How to deal with abusive Instagram DMs from clients
Passive-aggressive direct messages from clients on Instagram and Facebook is a growing, and worrying, trend. Nail tech Michelle Brookes reveals what to do when you receive confrontational DMs on social media
I recently read a Daily Mail article about a nail tech who received abusive messages from a client because she was doing her weekly shop in Tesco and not using that time to offer her an appointment.
This story got me thinking – why should we have to explain ourselves to clients when we’re living our lives outside of work? Although we all love our jobs, we still need holidays, down time and a few hours here and there to do life admin.
Although social media has done wonders for my nail business it is a double-edged sword because clients now think we’re available 24/7, which is why you need to implement an abusive customer policy in your business.
Abusive Instagram and Facebook DMs
It’s now all too easy for clients to Direct Message (DM) us abusive messages – to our business and personal social media accounts – and they can see exactly when we’re online, taking it personally when we don’t respond straight away.
I’ve had experiences where clients have messaged my salon’s Facebook page on a Saturday night and when they’ve not had no response immediately have then sent me a personal message with “????” a few hours later, while I know other techs who have received negative DMs from clients on Christmas Day.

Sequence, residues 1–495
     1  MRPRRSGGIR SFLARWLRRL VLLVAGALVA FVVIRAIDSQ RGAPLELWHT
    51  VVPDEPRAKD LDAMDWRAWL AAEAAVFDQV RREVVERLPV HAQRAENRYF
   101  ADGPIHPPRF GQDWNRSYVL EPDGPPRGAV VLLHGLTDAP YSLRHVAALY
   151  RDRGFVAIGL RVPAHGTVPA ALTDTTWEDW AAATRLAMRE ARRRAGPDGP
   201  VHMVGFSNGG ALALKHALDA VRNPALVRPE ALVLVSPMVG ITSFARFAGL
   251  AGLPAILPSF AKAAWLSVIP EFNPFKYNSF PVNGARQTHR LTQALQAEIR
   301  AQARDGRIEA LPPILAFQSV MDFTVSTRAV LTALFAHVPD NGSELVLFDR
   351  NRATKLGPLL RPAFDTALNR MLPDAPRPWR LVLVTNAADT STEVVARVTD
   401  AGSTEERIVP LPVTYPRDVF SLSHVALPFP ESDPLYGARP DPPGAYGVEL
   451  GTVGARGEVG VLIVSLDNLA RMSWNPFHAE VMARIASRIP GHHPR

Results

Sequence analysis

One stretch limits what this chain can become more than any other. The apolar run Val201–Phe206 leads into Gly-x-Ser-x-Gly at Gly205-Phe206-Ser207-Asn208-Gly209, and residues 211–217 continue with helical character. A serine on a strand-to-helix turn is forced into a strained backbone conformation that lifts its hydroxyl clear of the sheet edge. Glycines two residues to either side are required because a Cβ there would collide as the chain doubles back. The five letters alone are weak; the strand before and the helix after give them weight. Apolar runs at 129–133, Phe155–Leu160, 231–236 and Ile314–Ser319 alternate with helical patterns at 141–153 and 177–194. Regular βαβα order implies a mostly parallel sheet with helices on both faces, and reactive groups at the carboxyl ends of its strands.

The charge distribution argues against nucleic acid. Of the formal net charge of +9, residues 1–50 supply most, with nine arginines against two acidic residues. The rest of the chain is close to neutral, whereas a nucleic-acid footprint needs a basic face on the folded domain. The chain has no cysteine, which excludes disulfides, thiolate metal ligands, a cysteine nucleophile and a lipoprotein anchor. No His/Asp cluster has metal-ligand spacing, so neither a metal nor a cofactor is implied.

But it can happen in person too. I’ve had clients stop me on the school run to say one of my therapists hasn’t replied to their Facebook DM over the weekend, but why are they direct messaging her personal account when they should contacting the salon’s business page?
On another occasion, one of my employees was in hospital, so we rang the client to book her in with another therapist. Despite this, the client then rang the therapist’s mobile number and demanded to know what was wrong with her and when she would be better to do her nails.
Abusive customer policy for social media
In the end I had to put a social media policy in place which clearly states to clients our stance on negative social media DMs – that they had to email or ring the salon, or message our business Facebook or Instagram page, if they had a query or concern.
All nail techs need to have this knowledge in their arsenal because social media can be a toxic place at times and there’s so many internet trolls who just want to cause arguments.
Five tips for dealing with abusive social media DMs from clients:
Michelle Brookes is owner of the Beauty Lounge in Doncaster and a Professional Beauty Awards 2019 finalist.